By Dave Andrusko
Traditionally each August, my family goes back home to Minnesota to visit family and friends.
When we were back in 2017, we were blessed to see how completely in love with her brand new baby boy one of our nieces was. It was like old times watching her (and my sister, her mother) pull out the Pampers.
Until five months ago, even our two grandkids were long past the diaper stage. Then our family added number three. So once, again, commercials for Pampers registered on this grandfather’s brain.
Many of Pampers’ commercials are simply awesome. They affirm not only the importance of babies, but they also remind parents that “Every baby is a little miracle to celebrate, support and protect.”
And since these ads so often begin with sonograms, pro-lifers see this sentiment as apropos not just for babies once they are born, but from the beginning of the baby’s developmental journey.
If you watch “For every little miracle,” I promise you will (as did I) forward the link to many of your family and friends.
The overarching point that is made is…circumstances don’t matter! Whoever they be, whatever the circumstances, babies are a gift, a treasure, to honor and protect and (my words here) to marvel at.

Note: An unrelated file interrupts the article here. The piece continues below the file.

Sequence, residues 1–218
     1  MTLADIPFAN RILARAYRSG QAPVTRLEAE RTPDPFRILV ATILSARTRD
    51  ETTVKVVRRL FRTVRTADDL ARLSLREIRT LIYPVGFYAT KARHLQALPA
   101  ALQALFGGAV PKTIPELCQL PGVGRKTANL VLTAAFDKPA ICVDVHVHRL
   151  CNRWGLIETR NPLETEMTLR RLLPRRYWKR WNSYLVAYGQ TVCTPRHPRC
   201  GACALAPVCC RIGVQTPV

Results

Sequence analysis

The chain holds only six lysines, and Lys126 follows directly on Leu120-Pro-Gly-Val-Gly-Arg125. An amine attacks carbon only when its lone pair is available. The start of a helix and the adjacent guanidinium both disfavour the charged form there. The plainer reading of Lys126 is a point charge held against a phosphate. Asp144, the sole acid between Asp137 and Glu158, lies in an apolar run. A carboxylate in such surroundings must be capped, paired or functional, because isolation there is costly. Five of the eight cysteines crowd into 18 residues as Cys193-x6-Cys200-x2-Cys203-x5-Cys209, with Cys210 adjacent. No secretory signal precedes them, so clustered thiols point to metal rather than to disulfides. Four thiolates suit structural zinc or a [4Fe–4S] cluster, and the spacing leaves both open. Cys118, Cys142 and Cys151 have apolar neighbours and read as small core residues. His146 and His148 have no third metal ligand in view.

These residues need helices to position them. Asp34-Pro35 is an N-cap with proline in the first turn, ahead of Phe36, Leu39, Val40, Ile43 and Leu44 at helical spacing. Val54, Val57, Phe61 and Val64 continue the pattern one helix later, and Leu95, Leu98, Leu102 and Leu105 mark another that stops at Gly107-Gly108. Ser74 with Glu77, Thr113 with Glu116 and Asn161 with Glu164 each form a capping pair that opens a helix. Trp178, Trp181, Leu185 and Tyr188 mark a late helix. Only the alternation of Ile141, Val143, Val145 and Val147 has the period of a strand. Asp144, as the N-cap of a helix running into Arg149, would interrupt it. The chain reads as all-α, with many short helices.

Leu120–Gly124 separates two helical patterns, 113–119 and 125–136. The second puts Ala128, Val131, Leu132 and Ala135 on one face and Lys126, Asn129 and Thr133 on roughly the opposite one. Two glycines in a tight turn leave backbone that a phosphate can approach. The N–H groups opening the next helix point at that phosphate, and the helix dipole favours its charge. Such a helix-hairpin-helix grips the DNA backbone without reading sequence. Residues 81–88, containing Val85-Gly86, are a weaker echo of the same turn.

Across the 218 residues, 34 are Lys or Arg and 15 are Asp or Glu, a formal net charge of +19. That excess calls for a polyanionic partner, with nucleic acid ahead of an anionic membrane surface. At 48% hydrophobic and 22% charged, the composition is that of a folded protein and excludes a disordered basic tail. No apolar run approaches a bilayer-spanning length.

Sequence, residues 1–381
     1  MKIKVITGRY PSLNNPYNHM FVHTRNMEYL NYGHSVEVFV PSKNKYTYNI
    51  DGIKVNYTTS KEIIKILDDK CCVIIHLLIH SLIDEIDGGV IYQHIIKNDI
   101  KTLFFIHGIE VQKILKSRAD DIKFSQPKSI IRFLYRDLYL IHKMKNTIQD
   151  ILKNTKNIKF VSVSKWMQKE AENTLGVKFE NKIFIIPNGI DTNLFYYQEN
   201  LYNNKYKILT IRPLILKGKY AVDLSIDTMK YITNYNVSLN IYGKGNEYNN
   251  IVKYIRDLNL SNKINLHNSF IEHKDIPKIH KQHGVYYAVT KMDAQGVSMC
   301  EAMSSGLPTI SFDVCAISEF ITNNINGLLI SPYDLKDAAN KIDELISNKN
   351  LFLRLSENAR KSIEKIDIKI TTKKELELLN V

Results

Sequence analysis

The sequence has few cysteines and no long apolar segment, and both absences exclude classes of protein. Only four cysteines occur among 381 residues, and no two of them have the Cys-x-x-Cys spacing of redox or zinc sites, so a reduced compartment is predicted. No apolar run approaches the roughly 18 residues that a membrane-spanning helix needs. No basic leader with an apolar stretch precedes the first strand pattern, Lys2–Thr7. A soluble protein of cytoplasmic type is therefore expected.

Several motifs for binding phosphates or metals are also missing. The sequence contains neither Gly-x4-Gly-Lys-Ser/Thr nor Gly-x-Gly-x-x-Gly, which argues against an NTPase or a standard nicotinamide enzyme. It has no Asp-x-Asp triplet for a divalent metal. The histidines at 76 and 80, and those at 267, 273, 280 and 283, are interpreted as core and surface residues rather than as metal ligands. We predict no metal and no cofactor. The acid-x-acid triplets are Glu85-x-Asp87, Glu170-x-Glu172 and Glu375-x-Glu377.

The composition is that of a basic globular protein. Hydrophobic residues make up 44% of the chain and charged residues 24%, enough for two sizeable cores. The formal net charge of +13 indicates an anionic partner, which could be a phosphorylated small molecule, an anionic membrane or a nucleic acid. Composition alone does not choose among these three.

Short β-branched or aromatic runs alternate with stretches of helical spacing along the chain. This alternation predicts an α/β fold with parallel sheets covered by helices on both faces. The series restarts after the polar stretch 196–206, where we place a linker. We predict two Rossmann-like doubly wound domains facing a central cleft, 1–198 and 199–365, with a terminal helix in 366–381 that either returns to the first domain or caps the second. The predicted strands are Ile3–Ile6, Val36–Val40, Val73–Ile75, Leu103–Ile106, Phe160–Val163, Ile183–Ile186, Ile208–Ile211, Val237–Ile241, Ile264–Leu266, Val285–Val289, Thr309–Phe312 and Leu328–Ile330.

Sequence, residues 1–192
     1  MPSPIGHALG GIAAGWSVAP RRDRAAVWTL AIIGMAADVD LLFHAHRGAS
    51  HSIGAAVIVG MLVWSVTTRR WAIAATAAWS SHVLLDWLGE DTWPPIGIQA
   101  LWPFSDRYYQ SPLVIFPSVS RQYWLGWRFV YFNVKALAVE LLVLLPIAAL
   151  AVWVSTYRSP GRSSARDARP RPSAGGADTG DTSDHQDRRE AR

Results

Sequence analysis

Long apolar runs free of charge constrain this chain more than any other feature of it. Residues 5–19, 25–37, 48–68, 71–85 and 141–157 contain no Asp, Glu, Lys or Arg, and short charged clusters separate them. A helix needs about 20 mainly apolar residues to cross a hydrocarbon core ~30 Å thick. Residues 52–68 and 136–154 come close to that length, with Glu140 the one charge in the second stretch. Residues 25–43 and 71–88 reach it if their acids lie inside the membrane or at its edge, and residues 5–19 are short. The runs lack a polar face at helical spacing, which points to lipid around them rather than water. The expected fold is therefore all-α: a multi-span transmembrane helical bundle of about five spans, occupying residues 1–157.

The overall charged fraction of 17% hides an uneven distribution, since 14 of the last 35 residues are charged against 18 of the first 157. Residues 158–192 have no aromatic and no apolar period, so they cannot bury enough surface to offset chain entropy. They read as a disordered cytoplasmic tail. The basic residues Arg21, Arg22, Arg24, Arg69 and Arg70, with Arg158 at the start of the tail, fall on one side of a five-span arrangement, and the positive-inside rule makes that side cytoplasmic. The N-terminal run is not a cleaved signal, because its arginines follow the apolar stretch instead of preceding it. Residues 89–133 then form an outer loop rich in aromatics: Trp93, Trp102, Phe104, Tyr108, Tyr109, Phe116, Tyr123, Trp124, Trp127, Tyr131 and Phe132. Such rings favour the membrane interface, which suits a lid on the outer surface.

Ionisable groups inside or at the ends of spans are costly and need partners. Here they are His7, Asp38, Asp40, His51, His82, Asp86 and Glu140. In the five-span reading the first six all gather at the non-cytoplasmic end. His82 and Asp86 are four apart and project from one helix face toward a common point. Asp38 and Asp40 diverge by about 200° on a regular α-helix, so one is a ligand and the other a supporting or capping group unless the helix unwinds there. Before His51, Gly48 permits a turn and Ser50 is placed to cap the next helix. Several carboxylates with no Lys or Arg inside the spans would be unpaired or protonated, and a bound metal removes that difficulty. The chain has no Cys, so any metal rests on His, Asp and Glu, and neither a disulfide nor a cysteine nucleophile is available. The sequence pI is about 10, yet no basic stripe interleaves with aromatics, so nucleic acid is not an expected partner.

The very first “whether” is the most important: “whether he’s planned or not…”
We first see a headshot of a young woman in her wedding dress–and then the rest of this woman’s very pregnant profile.
That is cutting to the chase. We too often forget that babies don’t choose the circumstances of his conception. That’s on us.
Moreover, without being preachy or overt, the ad (I believe) is telling us in no uncertain terms that there is only one choice–to choose to “celebrate, support and protect” this “little miracle.”
There are many other “whethers,” including whether the baby has “special needs” or has “lots of needs” [comes as a package deal with multiple siblings]…or adopted…or comes “3 months early” [a preemie] “or ten years late “[an older mom]…or is biracial/multicultural…or has family nearby or “far away.”
In all these circumstances–the planned and the perfect, or the unplanned and the other-than-perfect–this baby is one of us, a miracle to whom we have the strongest obligation on the face of the planet: to our own flesh and blood.